Are you one of the roughly 500 million people using WinRAR? Best be careful with the archives you open. Security researcher Mohammed Reza Espargham has discovered a flaw in the way WinRAR version 5.21 handles self-extracting archives. The vulnerability makes way for attacks like remote code execution and data siphoning. You can check out a video of the exploit in action:
A bug in the way that WinRAR handles the "Text and Icon" functionality for self-executing archives lets attackers add malicious code to be executed when the user simply clicks to open it—without ever needing to begin extracting the files. The exploit code can access any data and perform any operations the current user can, which is especially dangerous if the user is an administrator. A victim could receive a legit-looking archive (or even an empty one) that silently sets up an exploit in the background or steals data when it's executed.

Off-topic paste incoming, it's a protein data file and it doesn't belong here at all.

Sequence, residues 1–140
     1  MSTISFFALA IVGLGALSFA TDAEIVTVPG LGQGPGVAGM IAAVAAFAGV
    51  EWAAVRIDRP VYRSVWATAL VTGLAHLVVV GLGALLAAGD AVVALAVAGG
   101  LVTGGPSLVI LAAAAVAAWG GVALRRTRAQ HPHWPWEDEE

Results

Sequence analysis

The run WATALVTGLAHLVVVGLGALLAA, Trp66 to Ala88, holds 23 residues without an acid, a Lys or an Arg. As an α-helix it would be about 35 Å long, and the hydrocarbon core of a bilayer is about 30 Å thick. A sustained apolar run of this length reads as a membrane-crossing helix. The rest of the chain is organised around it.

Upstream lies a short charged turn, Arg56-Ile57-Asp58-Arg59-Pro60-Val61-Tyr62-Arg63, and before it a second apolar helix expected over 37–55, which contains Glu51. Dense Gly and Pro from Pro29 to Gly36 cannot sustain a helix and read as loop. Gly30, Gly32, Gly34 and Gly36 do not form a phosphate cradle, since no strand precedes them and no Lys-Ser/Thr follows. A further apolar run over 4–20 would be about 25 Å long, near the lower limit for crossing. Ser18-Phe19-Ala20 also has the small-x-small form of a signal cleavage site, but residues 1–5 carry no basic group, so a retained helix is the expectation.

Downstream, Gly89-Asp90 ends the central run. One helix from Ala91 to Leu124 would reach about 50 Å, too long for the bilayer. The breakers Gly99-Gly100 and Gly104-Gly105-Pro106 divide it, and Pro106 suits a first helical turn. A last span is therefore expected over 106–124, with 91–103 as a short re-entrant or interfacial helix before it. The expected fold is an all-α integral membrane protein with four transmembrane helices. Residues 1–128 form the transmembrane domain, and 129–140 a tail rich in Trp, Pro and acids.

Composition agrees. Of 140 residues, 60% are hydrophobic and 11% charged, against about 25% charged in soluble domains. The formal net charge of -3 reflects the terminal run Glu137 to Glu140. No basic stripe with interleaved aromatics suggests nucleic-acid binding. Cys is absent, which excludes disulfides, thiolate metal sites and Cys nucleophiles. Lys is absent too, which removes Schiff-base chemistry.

The bug scores 9.2, or "Critical," on the CVSS scale. However, WinRAR's developer Rarlab downplays the vulnerability. The developer says a self-executing archive is an executable in itself (something that requires careful handling to begin with). Rarlab says that a malicious attacker can achieve the same results by using other WinRAR self-extracting archive features, too.